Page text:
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H7N9 outbreak linked to waterfowl migration

[ 2013-04-19 10:10] 来源:中国日报网     字号 [] [] []  
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The ongoing outbreak of H7N9 infections in humans is linked to the migration of wild birds, research shows.

He Hongxuan, a principal investigator at the Institute of Zoology of the Chinese Academy of Sciences, confirmed the connection, saying it is linked to the migration of wild waterfowl.

"The first outbreak of H7N9 happened in the Yangtze River Delta area in March, and later in April, cases of infection were reported in northern provinces. The infection time and route coincided with the migration of water birds," he said.

In early April, scientists at He's laboratory visited Shanghai and Zhejiang province to take virus samples from wild birds, and they found that the regions hit by the virus matched the migratory route of birds from East Asia to Australia.

The laboratory monitored 16 human cases of H7N9 and found that 15 happened within the migratory route of waterfowl, he said. "The human infection rate of H7N9 on the migratory route of wild birds was significantly higher than in the peripheral regions."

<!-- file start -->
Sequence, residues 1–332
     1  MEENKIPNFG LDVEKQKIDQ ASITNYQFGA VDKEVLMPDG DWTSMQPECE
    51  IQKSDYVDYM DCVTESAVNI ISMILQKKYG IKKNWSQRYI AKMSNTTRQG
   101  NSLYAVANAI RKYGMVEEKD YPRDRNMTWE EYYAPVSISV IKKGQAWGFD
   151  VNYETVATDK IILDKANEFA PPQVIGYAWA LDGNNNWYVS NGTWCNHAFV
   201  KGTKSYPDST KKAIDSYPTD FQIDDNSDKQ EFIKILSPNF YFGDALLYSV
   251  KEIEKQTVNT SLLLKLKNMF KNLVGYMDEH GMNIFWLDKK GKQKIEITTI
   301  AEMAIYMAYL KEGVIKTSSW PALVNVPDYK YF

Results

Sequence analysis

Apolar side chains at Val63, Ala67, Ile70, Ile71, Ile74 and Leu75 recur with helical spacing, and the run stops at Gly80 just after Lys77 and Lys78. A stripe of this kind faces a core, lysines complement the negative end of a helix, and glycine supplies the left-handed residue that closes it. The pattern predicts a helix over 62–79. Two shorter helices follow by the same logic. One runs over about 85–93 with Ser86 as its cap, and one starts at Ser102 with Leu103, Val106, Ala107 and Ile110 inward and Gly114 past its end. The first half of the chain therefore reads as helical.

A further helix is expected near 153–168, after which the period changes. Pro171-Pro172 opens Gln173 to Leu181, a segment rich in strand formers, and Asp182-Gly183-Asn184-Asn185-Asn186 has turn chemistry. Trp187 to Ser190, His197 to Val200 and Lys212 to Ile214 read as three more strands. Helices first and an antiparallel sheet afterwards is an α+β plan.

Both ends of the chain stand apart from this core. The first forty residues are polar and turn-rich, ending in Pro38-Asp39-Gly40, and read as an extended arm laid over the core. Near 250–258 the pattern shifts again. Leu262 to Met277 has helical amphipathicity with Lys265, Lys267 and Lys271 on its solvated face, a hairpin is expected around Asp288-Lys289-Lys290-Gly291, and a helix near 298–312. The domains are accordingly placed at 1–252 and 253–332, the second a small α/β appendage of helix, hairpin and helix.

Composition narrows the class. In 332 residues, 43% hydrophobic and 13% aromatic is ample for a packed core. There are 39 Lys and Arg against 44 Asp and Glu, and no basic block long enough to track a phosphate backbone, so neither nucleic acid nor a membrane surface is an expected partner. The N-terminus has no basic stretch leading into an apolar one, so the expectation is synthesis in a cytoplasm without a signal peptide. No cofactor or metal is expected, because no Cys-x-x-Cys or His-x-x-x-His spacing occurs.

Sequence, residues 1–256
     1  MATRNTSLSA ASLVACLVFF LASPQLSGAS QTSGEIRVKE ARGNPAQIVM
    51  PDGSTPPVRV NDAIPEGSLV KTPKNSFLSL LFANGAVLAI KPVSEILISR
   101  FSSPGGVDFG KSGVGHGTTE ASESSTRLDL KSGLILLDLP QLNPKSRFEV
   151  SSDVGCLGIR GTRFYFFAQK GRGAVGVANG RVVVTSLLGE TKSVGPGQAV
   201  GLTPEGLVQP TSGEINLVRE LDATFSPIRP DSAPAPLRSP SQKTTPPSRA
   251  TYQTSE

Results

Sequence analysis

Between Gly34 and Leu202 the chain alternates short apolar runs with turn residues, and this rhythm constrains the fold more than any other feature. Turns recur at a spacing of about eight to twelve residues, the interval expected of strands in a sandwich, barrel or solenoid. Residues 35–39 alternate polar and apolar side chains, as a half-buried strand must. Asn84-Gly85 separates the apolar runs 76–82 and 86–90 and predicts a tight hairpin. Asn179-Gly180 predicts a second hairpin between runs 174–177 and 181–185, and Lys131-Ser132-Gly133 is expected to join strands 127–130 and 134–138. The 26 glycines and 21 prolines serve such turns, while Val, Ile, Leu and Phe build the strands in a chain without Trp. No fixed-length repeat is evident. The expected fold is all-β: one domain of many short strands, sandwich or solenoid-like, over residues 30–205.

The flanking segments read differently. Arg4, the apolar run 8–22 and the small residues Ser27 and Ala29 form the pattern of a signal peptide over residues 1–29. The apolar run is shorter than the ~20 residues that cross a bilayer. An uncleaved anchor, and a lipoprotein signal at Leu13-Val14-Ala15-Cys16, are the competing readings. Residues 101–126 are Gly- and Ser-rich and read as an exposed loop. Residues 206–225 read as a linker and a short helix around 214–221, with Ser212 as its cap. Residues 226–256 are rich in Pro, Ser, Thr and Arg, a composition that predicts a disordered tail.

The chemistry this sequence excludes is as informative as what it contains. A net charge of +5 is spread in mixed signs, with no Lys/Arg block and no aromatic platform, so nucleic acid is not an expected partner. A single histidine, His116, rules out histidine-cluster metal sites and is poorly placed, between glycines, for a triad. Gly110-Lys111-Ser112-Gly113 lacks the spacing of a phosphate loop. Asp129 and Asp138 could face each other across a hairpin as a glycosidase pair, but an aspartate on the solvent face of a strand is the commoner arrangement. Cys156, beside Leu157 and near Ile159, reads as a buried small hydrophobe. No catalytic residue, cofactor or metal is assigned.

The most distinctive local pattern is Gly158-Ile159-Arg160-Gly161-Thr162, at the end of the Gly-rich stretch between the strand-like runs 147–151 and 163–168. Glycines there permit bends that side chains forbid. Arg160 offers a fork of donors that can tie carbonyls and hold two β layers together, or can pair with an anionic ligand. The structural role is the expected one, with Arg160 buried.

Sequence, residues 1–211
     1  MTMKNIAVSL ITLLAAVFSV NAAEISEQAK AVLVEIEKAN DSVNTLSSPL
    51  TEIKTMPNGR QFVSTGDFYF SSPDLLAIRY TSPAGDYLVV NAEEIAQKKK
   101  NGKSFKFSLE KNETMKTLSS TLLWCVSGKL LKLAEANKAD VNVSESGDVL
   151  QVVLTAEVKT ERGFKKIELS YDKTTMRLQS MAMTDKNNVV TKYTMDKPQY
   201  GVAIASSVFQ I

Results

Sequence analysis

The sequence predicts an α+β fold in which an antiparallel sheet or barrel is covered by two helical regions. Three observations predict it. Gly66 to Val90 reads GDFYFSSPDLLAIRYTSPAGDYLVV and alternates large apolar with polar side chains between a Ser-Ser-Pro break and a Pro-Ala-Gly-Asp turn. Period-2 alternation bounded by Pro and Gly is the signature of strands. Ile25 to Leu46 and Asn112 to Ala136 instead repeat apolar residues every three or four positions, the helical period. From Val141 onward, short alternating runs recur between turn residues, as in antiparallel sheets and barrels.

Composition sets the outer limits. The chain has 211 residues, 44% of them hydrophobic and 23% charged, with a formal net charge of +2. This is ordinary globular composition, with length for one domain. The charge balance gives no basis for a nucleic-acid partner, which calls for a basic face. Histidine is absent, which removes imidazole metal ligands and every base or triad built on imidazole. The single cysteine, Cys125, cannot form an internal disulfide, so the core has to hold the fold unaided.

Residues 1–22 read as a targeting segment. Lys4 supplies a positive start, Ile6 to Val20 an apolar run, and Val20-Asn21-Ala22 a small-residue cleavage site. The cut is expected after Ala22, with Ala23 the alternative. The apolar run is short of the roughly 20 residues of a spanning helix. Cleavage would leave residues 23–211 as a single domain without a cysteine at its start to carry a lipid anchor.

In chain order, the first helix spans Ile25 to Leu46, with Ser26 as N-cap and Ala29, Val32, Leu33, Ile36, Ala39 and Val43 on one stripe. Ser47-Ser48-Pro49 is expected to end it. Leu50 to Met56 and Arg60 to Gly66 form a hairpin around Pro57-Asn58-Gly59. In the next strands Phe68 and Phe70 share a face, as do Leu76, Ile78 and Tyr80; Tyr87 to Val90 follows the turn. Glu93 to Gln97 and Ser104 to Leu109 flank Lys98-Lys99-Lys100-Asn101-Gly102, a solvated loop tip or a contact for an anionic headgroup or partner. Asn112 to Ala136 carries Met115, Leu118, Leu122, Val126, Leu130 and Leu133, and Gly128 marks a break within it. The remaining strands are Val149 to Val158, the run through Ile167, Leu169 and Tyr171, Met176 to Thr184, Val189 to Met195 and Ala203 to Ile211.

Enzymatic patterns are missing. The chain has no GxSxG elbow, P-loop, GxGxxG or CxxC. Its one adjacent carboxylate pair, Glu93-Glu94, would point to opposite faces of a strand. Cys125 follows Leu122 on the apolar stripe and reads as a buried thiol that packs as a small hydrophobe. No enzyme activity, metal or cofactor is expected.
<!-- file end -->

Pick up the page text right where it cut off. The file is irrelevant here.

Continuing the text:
Previous research of influenza A viruses supports the finding. In 2009, scientists tracking waterfowl by satellite discovered a migratory connection between H5N1 outbreak areas in China and Mongolia and published the finding in the International Journal of Avian Science.

"Wild waterfowl are natural hosts of the influenza A virus," He said. "The current influenza A viruses have all been found in birds before."

The ornithologist said the H7N9 virus was first found in turkeys in the US state of Minnesota in 1988 and was later found in turnstones, mallards, wild ducks and geese.

"But H7N9 is a new strain of virus that finished mutation and evolution before the epidemic appeared," he said. "Although the last finding of the virus in birds was in South Korea, there are no grounds to simply say the disease came from that country."

Now, as birds are migrating north, He and his colleagues at the academy are busy monitoring sentinel birds.

As it is rare for the virus to be directly transmitted from birds to humans, He said, there is no need to panic about culling birds.


1. What has been linked to the outbreak of H7N9 infections?

2. Where did the first outbreak happen?

3. How did scientists make the connection to waterfowl?


1. The migration of wild waterfowl.

2. In the Yangtze River Delta area.

3. The infection time and route coincided with the migration of water birds.

(中国日报网英语点津 Helen 编辑)

H7N9 outbreak linked to waterfowl migration

About the broadcaster:

H7N9 outbreak linked to waterfowl migration

Nelly Min is an editor at China Daily with more than 10 years of experience as a newspaper editor and photographer. She has worked at major newspapers in the U.S., including the Los Angeles Times and the Detroit Free Press. She is also fluent in Korean.